Most of these fall under what is called “SaaS”, or Software as a Service. This has two main benefits. Firstly, because you are buying a license, rather than buying the product outright, you don’t need to spend a fortune on something that might not work out for you. The majority of SaaS companies will give you an opportunity to trial the service first, however, even if they don’t, you’re only paying for a subscription — which you can cancel at any time if the service doesn’t fit your needs. Secondly, these licensing agreements tend to be based on a set number of users, which means there should be an affordable option for you, no matter the size of your organisation. 

Shop around — there really are hundreds of similar products out there, but they don’t all provide a similar experience or the same functionality. With the right tools, you can spend more time selling and less time on admin, as well as improve your sales processes. 

4. Make Time For Sales Training 

For small businesses running small sales teams, it can be difficult to make time for sales training, but it’s a worthwhile investment. Smaller teams run out of new ideas faster than large teams, but they also have the flexibility to adapt more quickly to changes in the sales process, so a little training has the potential to go a long way. 

In-person training tends to be the preference, but without follow-up, you’re still at risk of wasting that investment — studies show that most people forget about 50% of what was presented within an hour and about 90% within a week. Look at new approaches to training, such as micro learning, which don’t need to take up much of your team’s valuable time but can still be very effective ways to improve sales performance.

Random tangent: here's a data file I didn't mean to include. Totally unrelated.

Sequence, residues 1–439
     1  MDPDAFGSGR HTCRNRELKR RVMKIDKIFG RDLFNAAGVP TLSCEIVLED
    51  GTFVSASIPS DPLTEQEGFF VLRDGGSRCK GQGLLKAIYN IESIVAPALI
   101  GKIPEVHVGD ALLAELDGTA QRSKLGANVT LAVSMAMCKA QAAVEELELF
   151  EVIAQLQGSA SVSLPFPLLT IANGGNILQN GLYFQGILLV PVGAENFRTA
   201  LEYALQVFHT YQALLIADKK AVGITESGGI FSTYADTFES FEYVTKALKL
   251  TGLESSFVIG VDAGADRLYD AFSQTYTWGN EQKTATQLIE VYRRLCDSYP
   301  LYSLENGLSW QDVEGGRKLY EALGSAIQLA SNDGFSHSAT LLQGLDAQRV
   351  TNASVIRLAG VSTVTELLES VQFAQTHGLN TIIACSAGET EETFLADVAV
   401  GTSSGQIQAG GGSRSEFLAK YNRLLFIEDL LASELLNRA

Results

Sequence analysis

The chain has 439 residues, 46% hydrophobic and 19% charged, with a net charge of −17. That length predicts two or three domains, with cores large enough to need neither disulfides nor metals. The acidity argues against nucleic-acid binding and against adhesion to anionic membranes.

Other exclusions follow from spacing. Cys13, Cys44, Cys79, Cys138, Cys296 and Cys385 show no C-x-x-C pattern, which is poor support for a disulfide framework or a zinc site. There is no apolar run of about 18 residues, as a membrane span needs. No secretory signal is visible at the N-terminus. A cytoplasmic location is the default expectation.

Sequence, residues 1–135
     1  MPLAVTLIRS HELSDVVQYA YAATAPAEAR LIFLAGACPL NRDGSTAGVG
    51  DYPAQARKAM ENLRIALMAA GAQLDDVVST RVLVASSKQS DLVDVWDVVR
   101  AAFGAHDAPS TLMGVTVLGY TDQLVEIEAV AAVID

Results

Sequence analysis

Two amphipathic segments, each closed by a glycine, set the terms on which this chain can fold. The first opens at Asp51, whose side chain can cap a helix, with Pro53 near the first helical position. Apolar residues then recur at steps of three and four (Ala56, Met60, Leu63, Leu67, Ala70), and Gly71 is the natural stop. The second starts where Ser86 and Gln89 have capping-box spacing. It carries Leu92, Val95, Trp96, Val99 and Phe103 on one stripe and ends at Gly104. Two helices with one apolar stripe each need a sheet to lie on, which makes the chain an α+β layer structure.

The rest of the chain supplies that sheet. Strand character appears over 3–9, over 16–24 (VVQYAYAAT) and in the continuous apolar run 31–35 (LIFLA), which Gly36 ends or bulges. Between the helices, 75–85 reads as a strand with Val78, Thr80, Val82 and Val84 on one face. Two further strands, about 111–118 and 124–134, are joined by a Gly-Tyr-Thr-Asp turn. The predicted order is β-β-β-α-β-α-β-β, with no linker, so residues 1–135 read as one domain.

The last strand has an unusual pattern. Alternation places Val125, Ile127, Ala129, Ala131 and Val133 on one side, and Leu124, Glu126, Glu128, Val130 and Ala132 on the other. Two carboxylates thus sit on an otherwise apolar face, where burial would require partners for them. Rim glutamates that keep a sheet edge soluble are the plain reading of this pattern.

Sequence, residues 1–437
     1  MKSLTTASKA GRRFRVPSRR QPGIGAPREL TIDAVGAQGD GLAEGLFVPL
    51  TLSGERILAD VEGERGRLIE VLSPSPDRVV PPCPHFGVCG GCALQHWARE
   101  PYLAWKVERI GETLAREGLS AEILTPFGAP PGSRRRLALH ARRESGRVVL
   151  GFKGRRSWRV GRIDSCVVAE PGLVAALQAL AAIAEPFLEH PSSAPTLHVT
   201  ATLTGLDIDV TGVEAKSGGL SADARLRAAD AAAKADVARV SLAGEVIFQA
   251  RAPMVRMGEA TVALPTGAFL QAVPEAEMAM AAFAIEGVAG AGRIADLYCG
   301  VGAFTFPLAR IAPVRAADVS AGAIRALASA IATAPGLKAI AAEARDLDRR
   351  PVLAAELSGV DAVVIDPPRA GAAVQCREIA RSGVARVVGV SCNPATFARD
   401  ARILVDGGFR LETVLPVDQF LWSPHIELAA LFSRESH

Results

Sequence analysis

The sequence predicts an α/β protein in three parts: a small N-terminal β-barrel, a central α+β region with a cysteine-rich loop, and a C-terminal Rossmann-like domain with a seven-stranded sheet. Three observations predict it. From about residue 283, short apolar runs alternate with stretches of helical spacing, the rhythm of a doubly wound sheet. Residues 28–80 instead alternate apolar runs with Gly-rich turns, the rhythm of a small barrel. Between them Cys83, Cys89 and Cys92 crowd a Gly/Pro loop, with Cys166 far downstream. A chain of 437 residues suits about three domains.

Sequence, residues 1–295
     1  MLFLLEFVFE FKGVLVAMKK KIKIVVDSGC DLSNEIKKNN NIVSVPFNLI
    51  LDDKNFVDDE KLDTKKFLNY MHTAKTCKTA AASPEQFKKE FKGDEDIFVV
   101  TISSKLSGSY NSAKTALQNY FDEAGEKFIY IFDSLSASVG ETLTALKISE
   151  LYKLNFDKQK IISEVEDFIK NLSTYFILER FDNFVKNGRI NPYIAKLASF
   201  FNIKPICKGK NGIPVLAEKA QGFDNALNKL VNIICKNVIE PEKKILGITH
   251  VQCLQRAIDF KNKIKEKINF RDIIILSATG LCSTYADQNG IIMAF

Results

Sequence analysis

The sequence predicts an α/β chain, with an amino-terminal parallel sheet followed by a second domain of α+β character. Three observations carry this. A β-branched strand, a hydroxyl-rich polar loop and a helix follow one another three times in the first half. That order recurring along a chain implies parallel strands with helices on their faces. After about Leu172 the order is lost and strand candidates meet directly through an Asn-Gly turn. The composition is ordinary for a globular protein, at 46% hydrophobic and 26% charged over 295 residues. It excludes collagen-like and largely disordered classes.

Sell Smarter

In summary, though Sales Enablement is clearly a big trend in the enterprise arena, it is equally applicable to small businesses. All it really comes down to is adopting common sense approaches to selling that put the customer at the heart of the organisation, thus driving sales and growth. 

Charlotte Powell is the Head of Design and Marketing at iPresent, a sales enablement platform developed by experienced sales professionals. iPresent is tailor-made to give sales teams all the tools they need to create beautiful and effective sales presentations.

I hope you enjoyed this blog post about methods small businesses can use to improve selling performance with sales enablement.